Crossing the Gods: World Religions and Worldly Politics

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Rutgers University Press, 2003 - Religion - 284 pages
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Crossing the Gods examines the sometimes antagonistic and sometimes cozy but always difficult and dangerous relationship between religion and politics in countries around the globe.

Eminent sociologist of religion Jay Demerath traveled to Brazil, China, Egypt, Guatemala, India, Indonesia, Israel, Japan, Northern Ireland, Pakistan, Poland, Sweden, Turkey, and Thailand to explore the history and current relationship of religion, politics, and the state in each country. In the first part of this wide-ranging book, he asks, What are the basic fault lines along which current tensions and conflicts have formed? What are the trajectories of change from past to present, and how do they help predict the future?

In the book's second part the author returns home to focus on the United States the only nation founded specifically on the principle of a separation between religion and state and examines the extent to which this principle actually holds and the consequences when it does not. Highlighting such issues as culture wars, violence, globalization, and the fluidity of individual religious identity, Demerath exposes the provincialism and fallacies underlying many of our views of religion and politics worldwide.

Finally, Demerath examines America's status as the world's most religious nation. He places that claim within a comparative context and argues that our country is not “more religious” but “differently religious.” He argues that it represents a unique combination of congregational religion, religious pluralism, and civil religion. But the United States also illustrates the universal tendency for the sacred to give way to the secular and for the secular to generate new forms of the sacred.


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Religion in Oppression Liberation and Competition in Brazil and Guatemala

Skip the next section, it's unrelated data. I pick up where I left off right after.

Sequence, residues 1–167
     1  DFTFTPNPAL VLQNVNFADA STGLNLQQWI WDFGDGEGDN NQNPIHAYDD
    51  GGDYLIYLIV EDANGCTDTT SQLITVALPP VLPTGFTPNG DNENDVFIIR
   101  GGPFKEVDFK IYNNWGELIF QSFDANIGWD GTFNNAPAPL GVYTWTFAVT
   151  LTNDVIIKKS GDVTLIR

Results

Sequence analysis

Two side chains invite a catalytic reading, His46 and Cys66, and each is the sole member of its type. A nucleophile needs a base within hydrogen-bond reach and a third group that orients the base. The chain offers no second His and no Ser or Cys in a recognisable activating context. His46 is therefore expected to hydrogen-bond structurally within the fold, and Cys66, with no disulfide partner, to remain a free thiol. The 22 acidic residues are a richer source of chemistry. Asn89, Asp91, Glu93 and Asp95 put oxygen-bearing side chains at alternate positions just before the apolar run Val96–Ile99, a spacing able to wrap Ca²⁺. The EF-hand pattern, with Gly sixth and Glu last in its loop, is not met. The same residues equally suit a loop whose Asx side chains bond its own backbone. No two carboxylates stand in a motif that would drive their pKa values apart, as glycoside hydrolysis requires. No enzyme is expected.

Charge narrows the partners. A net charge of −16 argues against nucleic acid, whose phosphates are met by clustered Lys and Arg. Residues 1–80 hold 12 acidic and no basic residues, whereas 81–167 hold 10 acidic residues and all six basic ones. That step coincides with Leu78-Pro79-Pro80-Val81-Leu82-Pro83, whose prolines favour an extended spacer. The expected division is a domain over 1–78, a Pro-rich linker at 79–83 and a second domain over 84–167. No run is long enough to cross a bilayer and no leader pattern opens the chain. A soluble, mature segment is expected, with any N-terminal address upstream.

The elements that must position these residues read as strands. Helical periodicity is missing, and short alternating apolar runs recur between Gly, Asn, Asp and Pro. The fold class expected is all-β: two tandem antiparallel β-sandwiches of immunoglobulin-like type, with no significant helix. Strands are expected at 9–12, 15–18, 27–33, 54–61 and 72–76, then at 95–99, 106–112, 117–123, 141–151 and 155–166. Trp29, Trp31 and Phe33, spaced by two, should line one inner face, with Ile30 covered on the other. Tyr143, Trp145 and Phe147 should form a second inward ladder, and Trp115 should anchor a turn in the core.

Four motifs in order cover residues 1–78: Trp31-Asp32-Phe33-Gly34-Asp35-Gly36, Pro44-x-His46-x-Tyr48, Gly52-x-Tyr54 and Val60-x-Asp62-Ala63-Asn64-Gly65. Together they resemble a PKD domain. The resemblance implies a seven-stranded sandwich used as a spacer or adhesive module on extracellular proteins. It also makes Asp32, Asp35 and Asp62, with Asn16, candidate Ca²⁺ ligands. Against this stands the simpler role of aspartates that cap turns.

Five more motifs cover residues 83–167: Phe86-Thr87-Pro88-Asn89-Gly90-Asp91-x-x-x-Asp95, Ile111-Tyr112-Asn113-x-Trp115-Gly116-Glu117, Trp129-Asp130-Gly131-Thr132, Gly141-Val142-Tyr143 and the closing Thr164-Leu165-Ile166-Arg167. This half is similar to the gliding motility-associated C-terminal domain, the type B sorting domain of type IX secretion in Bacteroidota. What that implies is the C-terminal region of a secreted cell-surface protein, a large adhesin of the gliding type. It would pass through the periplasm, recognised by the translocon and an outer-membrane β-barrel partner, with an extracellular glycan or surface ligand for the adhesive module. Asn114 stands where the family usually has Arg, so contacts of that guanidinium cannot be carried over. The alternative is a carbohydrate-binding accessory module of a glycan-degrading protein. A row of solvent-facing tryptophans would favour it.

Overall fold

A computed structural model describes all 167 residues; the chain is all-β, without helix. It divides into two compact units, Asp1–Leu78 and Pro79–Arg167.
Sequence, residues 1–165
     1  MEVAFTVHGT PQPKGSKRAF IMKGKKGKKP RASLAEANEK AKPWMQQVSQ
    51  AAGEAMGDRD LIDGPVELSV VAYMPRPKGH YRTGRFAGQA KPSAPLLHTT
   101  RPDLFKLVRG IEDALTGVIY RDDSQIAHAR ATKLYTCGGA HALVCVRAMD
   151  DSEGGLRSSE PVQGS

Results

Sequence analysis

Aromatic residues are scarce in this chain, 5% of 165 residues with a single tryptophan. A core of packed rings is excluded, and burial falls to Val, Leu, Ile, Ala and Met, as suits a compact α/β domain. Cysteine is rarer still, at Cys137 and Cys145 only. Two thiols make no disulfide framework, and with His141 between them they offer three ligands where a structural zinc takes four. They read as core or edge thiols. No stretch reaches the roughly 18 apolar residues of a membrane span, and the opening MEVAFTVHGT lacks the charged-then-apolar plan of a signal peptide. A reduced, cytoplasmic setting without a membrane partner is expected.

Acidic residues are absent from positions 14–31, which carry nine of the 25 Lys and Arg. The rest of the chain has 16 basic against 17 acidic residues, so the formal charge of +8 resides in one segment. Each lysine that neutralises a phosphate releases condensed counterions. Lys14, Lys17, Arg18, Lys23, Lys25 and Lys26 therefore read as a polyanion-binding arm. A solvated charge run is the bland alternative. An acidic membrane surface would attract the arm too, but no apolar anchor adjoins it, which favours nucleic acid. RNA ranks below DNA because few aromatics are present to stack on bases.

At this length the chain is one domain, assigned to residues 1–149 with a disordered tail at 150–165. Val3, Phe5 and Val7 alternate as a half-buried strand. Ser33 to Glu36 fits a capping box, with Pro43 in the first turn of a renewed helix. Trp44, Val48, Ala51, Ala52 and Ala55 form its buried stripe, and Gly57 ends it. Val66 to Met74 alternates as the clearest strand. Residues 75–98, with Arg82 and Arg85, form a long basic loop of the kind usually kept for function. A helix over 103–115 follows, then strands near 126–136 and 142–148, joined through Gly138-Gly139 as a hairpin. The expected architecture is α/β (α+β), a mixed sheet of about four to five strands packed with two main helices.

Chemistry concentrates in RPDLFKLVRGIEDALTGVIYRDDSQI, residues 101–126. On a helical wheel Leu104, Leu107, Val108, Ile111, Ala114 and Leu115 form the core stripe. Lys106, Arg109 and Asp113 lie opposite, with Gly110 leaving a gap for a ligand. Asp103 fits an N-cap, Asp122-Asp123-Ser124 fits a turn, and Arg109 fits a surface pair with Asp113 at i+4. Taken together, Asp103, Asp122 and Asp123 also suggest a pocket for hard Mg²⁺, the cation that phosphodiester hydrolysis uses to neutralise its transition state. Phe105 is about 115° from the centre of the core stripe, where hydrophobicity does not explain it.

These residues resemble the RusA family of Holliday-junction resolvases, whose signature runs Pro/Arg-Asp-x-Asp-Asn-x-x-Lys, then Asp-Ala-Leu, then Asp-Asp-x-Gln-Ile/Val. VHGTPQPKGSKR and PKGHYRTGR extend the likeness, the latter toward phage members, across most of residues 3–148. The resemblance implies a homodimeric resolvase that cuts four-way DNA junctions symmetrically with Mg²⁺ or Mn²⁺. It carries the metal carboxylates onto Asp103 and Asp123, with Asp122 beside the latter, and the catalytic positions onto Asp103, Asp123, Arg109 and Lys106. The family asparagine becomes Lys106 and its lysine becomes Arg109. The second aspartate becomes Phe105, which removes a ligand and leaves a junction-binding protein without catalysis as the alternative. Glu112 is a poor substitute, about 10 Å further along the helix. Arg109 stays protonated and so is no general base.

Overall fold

Troubles and Changes in European Christendom Poland Northern Ireland and Sweden
Four Islamic Societies and Four Political Scenarios Egypt Turkey Pakistan and Indonesia
Two Multireligious Mindfields Israel and India
Tracking Buddha through Thailand Japan and China
Culture Wars and Religious Violence
Religious Politics without a Religious State
Taking Exception to American Exceptionalism
A Multicomparativist on the Road

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Page 263 - Alexis de Tocqueville, Democracy in America, trans. George Lawrence, ed. JP Mayer (New York: Doubleday, Anchor Books, 1969); Robert S.
Page 260 - Robert Wuthnow, The Restructuring of American Religion (Princeton, NJ: Princeton University Press, 1988), chap. 4; Wuthnow, The Struggle for America's Soul: Evangelicals, Liberals, and Secularism (Grand Rapids, Mich.: William B. Eerdmans, 1989), 10-15; and Jose Casanova, "Private and Public Religions," Social Research, 59 (Spring 1992): 17-57.

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About the author (2003)

Jay Demerath is a professor of sociology at the University of Massachusetts at Amherst and the author of ten books, among them Sacred Companies: Organizational Aspects of Religion and Religious Aspects of Organizations and A Bridging of Faiths: Religion and Politics in a New England City. He is the immediate past president of the Society for the Scientific Study of Religion.

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